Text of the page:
In his Bibliotheca Sacra article “A Theological Evaluation of the Prosperity Gospel,” theologian Ken Sarles observes how the prosperity gospel claims that “both physical healing and financial prosperity have been provided for in the atonement.” This seems to be an accurate observation in light of Copeland’s statement that “the basic principle of the Christian life is to know that God put our sin, sickness, disease, sorrow, grief, and poverty on Jesus at Calvary.” This misunderstanding of the scope of the atonement stems from two errors prosperity gospel proponents make.

First, many who espouse prosperity theology have a fundamental misconception of the life of Jesus. For example, teacher John Avanzini proclaimed on a TBN program, Jesus had “a nice house,” “a big house,” “Jesus was handling big money,” and he even “wore designer clothes.” It’s easy to see how such a warped view of the life of Christ could lead to an equally warped misconception of the death of Christ.

A second error that leads to a faulty view of the atonement is misinterpreting 2 Corinthians 8:9, which reads, “For you know the grace of our Lord Jesus Christ, that though he was rich, yet for your sakes he became poor, that you through his poverty might become rich.” While a shallow reading of this verse may lead one to believe Paul was teaching about an increase in material wealth, a contextual reading reveals he was actually teaching the exact opposite principle. Indeed, Paul was teaching the Corinthians that since Christ accomplished so much for them through the atonement, they should empty themselves of their riches in service of the Savior. This is why just five short verses later Paul would urge the Corinthians to give their wealth away to their needy brothers, writing “that now at this time your abundance may supply their lack” (2 Cor. 8:14).

3. Christians give in order to gain material compensation from God.

One of the most striking characteristics of the prosperity theologians is their seeming fixation on the act of giving. We are urged to give generously and are confronted with pious statements like, “True prosperity is the ability to use God’s power to meet the needs of mankind in any realm of life” and, “We have been called to finance the gospel to the world.” While such statements may appear praiseworthy, this emphasis on giving is built on motives that are anything but philanthropic. The driving force behind this teaching on giving is what prosperity teacher Robert Tilton referred to as the “Law of Compensation.” According to this law—purportedly based on Mark 10:30—Christians should give generously to others because when they do, God gives back more in return. This, in turn, leads to a cycle of ever-increasing prosperity.

As Gloria Copeland put it in her 2012 book, God’s Will is Prosperity, “Give $10 and receive $1,000; give $1,000 and receive $100,000. . . . In short, Mark 10:30 is a very good deal.” It’s evident, then, that the prosperity gospel’s doctrine of giving is built on faulty motives. Whereas Jesus taught his disciples to “give, hoping for nothing in return” (Luke 10:35), prosperity theologians teach their disciples to give because they will get a great return.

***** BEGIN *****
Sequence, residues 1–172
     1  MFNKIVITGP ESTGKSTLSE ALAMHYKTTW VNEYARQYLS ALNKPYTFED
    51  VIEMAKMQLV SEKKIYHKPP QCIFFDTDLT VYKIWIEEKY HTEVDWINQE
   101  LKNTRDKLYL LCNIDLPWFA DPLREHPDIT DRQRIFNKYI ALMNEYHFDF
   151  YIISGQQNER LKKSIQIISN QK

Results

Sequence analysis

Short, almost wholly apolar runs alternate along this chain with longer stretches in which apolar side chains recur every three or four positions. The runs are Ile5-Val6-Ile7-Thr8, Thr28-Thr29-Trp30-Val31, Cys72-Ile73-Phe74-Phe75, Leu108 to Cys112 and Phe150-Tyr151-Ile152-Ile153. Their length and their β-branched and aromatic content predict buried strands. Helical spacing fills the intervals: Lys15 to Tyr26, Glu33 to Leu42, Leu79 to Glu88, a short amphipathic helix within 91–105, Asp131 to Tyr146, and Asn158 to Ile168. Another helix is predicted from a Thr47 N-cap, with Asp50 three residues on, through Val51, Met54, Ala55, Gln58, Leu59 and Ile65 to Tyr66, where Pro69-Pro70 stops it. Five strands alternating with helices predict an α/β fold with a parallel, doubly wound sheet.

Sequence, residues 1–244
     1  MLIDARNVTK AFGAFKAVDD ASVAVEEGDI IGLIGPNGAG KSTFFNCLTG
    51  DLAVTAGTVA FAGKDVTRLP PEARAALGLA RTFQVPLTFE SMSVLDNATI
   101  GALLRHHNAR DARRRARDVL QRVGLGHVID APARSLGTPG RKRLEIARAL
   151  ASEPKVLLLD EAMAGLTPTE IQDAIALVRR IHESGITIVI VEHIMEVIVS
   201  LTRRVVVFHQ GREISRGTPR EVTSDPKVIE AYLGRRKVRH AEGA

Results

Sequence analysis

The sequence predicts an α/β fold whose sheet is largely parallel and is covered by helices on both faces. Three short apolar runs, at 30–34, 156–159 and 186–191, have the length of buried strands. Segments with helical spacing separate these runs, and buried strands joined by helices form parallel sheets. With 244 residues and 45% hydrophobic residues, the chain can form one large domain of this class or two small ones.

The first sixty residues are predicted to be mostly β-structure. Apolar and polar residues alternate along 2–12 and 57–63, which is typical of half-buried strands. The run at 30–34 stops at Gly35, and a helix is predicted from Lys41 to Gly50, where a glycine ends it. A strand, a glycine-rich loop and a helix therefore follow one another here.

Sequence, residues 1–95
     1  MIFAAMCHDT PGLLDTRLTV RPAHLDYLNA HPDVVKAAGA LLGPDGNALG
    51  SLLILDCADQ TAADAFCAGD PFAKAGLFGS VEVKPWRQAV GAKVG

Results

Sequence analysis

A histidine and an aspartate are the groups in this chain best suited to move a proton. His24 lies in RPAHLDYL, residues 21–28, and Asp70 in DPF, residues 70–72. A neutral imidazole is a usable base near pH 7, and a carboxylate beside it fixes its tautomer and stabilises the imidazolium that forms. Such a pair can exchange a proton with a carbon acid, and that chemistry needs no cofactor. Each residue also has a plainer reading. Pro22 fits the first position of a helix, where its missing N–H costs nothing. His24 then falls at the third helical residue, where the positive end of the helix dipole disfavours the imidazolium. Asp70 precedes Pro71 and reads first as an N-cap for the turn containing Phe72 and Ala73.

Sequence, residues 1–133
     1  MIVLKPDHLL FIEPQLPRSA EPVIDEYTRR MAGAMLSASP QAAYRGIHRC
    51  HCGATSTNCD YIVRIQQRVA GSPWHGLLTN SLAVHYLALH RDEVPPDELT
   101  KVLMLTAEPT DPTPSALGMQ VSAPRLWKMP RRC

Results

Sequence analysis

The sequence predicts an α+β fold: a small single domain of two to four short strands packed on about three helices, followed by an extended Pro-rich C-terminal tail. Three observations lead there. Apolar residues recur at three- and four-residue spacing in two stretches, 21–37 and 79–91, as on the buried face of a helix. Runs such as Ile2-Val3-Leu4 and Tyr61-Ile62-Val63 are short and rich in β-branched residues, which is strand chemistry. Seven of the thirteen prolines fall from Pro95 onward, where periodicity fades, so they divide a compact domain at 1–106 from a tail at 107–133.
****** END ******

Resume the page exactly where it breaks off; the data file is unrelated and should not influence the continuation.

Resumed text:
4. Faith is a self-generated spiritual force that leads to prosperity.

Whereas orthodox Christianity understands faith to be trust in the person of Jesus Christ, prosperity teachers espouse something quite different. “Faith is a spiritual force, a spiritual energy, a spiritual power. It is this force of faith which makes the laws of the spirit world function,” Copeland writes in The Laws of Prosperity. “There are certain laws governing prosperity revealed in God’s Word. Faith causes them to function.” This is obviously a faulty, perhaps even heretical, understanding of faith.

According to prosperity theology, faith is not a God-granted, God-centered act of the will. Rather, it is a humanly wrought spiritual force, directed at God. Indeed, any theology that views faith chiefly as a means to material gain rather than justification before God must be judged inadequate at best.

5. Prayer is a tool to force God to grant prosperity.

Prosperity gospel preachers often note we “have not because we ask not” (James 4:2). They encourage us to pray for personal success in all areas of life. As Creflo Dollar writes, “When we pray, believing that we have already received what we are praying, God has no choice but to make our prayers come to pass. . . . It is a key to getting results as a Christian.”

Prayers for personal blessing aren’t inherently wrong, of course, but the prosperity gospel’s overemphasis on man turns prayer into a tool believers can use to force God to grant their desires. Within prosperity theology, man—not God—becomes the focal point of prayer. Curiously, prosperity preachers often ignore the second half of James’s teaching on prayer: “You ask and do not receive, because you ask wrongly, to spend it on your passions” (James. 4:3). God does not answer selfish requests that do not honor his name.

Certainly all our requests should be made known to God (e.g., Phil. 4:6), but the prosperity gospel focuses so much on man’s desires that it may lead people to pray selfish, shallow, superficial prayers that don’t bring God glory. Further, when coupled with the prosperity doctrine of faith, this teaching may lead people to attempt to manipulate God to get what they want—a futile task. This is far removed from praying “Your will be done.”